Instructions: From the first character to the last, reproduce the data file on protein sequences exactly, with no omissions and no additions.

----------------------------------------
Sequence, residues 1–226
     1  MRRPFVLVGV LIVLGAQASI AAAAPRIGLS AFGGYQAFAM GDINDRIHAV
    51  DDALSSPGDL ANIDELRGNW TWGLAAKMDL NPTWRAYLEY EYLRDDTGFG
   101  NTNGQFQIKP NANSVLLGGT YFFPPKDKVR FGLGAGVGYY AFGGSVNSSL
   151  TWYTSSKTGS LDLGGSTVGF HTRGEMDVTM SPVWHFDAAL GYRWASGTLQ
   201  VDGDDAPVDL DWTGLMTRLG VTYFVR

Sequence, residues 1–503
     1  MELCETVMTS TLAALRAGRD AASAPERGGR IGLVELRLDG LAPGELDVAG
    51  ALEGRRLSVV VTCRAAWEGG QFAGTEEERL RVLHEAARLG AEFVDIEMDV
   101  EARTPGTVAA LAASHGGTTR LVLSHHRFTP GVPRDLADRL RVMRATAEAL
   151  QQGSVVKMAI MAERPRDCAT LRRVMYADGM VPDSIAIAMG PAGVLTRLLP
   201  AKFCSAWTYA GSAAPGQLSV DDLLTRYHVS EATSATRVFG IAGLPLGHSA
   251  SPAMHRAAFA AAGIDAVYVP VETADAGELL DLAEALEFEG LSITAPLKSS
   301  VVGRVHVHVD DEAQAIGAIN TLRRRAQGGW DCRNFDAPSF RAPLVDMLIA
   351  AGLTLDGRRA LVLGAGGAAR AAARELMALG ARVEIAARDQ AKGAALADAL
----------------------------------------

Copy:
Sequence, residues 1–226
     1  MRRPFVLVGV LIVLGAQASI AAAAPRIGLS AFGGYQAFAM GDINDRIHAV
    51  DDALSSPGDL ANIDELRGNW TWGLAAKMDL NPTWRAYLEY EYLRDDTGFG
   101  NTNGQFQIKP NANSVLLGGT YFFPPKDKVR FGLGAGVGYY AFGGSVNSSL
   151  TWYTSSKTGS LDLGGSTVGF HTRGEMDVTM SPVWHFDAAL GYRWASGTLQ
   201  VDGDDAPVDL DWTGLMTRLG VTYFVR

Sequence, residues 1–503
     1  MELCETVMTS TLAALRAGRD AASAPERGGR IGLVELRLDG LAPGELDVAG
    51  ALEGRRLSVV VTCRAAWEGG QFAGTEEERL RVLHEAARLG AEFVDIEMDV
   101  EARTPGTVAA LAASHGGTTR LVLSHHRFTP GVPRDLADRL RVMRATAEAL
   151  QQGSVVKMAI MAERPRDCAT LRRVMYADGM VPDSIAIAMG PAGVLTRLLP
   201  AKFCSAWTYA GSAAPGQLSV DDLLTRYHVS EATSATRVFG IAGLPLGHSA
   251  SPAMHRAAFA AAGIDAVYVP VETADAGELL DLAEALEFEG LSITAPLKSS
   301  VVGRVHVHVD DEAQAIGAIN TLRRRAQGGW DCRNFDAPSF RAPLVDMLIA
   351  AGLTLDGRRA LVLGAGGAAR AAARELMALG ARVEIAARDQ AKGAALADAL